Coconut oil can fix anything, even Alzheimer’s? Not so fast ...

December 06, 2017
 

Coconut Oil facts

By Addison Ford, MS, MPH, RD

Coconut oil seems to be the latest food cure for any and all ailments.

Want to lose weight? Use coconut oil!

Have thyroid problems? Try coconut oil!

Have a mysterious illness with no known cause? Cure it with coconut oil!

Nearly all of these types of claims are based on personal testimonials and not rigorous scientific research. What is certain is that unrefined/ virgin coconut oil is 92% saturated fat and has just as much fat and calories as any other fat (1 tablespoon = ~120 calories, 14g of fat and 12g of saturated fat). Most saturated fats are found in animal products (like butter, beef fat, chicken with skin on, etc.), are solid at room temperature and contain cholesterol. Unlike these saturated fats from animal-based products, tropical oils, like coconut and palm oils, depending on the temperature of the room, can be solid, semi-solid, or liquid and do not contain cholesterol.

Coconut oil is composed of different types of fatty acids (as are all fats). Coconut oil has a larger proportion of short and medium chain fatty acids and it is thought that this particular property may offer some health benefits.

What’s the claim?

Coconut oil’s medium chain triglycerides (MCTs) go through less processing in the body than other fats in order to be used. These MCTs get converted to ketones in the liver.  In a person with Alzheimer’s disease (AD), their brain is  unable to utilize glucose in the portions of the brain affected, but it might be able to use the ketones as a fuel source instead.

How does it work?

Coconut oil is largely composed of medium chain triglycerides (MCTs), unlike the majority of dietary fat which is mostly long-chain triglycerides (LCTs). These MCTs have to go through less processing in the body to be used than LCTs and are therefore more ketogenic or more easily converted into ketones than other fats.

The Research

There have been no clinical studies looking at coconut oil and its impact on Alzheimer’s dementia (AD).  That being said there have been clinical studies looking at the use of particular components of coconut oil, specifically caprylic acid. “Ketasyn” was a nutritional beverage tested in phase 1 and 2 drug trials testing its safety and dosing but did not advance to phase 3 trials on its efficacy. This is just another way of saying it didn’t do what it claims, which is help those with AD. The company decided to bring it to market anyway but as a “medical food” called “Axona”. Medical foods do not have to undergo FDA review or approval. It is likely that although there was no impact on patients with beginning and advanced stages of AD, the company still wanted to make money so they brought it to market anyway.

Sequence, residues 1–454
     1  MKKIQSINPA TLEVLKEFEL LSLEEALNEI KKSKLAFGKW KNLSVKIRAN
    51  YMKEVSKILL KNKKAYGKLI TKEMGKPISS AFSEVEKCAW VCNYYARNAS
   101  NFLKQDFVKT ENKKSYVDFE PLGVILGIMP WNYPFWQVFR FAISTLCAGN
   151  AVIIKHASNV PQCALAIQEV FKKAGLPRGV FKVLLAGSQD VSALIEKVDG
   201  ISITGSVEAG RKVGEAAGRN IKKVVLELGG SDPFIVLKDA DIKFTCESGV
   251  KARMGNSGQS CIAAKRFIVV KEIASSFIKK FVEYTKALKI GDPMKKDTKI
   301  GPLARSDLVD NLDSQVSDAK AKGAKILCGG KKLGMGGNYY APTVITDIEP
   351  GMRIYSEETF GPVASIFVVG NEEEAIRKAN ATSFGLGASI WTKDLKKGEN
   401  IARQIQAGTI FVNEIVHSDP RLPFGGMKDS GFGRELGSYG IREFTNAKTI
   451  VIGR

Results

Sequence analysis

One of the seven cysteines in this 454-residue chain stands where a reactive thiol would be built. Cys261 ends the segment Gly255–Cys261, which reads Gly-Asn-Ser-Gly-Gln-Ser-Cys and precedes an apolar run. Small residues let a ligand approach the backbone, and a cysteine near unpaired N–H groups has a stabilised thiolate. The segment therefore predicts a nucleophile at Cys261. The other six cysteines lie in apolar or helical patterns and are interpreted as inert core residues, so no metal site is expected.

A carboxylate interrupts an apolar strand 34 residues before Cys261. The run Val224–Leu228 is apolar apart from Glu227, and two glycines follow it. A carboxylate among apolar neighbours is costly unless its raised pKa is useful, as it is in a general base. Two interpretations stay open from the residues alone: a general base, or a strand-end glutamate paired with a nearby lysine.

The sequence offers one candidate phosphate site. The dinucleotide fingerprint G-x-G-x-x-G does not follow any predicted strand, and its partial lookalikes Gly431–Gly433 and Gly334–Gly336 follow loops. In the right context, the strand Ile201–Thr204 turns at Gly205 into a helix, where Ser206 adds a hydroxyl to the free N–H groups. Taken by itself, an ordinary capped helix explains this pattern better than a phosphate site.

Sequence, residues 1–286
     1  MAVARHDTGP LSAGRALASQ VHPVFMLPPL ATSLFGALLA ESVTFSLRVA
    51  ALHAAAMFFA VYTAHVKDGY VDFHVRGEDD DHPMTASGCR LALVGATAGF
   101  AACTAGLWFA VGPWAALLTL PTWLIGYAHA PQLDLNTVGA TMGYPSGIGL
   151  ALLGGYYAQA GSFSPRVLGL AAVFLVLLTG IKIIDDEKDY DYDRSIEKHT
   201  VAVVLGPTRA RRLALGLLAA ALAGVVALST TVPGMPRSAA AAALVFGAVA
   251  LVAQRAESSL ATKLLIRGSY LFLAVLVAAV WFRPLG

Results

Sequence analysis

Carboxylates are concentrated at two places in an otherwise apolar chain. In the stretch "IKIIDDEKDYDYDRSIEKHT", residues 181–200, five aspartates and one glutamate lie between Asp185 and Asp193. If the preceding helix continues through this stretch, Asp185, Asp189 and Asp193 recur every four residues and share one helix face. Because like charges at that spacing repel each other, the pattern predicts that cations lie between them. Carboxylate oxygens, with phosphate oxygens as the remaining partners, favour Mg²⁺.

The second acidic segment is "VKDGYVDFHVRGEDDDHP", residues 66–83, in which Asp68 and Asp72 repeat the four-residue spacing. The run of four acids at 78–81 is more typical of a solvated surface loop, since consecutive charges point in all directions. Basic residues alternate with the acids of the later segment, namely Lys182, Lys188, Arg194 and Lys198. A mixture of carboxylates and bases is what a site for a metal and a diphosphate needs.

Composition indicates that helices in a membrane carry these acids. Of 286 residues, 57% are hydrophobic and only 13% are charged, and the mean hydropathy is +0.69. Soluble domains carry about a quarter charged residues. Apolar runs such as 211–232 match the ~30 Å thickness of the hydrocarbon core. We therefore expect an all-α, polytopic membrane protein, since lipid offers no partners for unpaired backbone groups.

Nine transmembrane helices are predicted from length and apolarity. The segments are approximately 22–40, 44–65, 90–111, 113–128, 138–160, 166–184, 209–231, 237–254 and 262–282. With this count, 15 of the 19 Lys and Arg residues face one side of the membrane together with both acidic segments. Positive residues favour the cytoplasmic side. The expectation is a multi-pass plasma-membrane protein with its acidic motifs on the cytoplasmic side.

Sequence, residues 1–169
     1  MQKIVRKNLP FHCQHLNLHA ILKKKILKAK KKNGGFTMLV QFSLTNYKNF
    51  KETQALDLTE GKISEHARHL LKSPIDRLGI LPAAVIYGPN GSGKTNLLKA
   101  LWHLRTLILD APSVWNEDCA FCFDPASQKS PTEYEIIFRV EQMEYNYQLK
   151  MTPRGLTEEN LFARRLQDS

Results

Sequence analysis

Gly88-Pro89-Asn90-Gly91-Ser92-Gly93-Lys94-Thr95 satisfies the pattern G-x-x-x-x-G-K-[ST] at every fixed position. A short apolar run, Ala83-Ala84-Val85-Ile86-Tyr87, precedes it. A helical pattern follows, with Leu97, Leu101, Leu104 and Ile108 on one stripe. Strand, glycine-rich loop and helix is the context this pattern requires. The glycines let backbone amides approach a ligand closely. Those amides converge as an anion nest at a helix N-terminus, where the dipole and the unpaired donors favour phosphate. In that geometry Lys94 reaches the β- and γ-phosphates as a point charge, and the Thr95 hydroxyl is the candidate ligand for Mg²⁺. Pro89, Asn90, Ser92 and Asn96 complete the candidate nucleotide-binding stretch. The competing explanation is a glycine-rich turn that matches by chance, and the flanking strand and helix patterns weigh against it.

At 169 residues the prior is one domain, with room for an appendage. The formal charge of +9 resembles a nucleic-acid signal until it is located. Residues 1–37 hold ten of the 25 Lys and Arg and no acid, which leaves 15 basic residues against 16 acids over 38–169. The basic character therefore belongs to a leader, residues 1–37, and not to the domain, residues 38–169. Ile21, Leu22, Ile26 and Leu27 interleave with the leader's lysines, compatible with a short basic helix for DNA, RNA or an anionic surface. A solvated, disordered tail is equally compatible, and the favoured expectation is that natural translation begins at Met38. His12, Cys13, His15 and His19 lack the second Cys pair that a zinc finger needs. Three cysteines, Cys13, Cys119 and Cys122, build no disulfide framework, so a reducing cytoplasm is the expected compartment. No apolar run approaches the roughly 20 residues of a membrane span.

There have been few clinical trials looking at coconut oil at all and the few studies done studied its impact on blood lipids. These studies found that coconut oil raised HDL (“good cholesterol”), but also increased LDL (“bad cholesterol”). Compared to other saturated fats (i.e. animal fats) that only raise LDL cholesterol, coconut oil might be a slightly better alternative for baking with, instead of margarine or butter. Other vegetable-based oils like canola or olive oil are unsaturated (liquid at room temperature) and can help raise HDL without impacting LDL, which is the healthiest option.

Is it safe?

Coconut oil, when used in moderation, is likely safe. As long as you keep the amount of saturated fat in your diet to less than 10% of calories, the choice is up to you whether you prefer it to other sources of saturated fats.

Is it worth trying?

Coconut oil can range in price from $5 to $20 for a 16oz jar. It can be purchased in a refined or unrefined (i.e. extra virgin) form. Just like for olive oil, the unrefined version is preferred. If you are going to bake some dessert and enjoy a mild coconut flavor, try replacing the butter with coconut oil and see how it turns out.

As far as using coconut oil to prevent or minimize AD symptoms, it might do more harm than good if eaten in excess due to its impact on increasing LDL cholesterol.


 

Tags: Nourish

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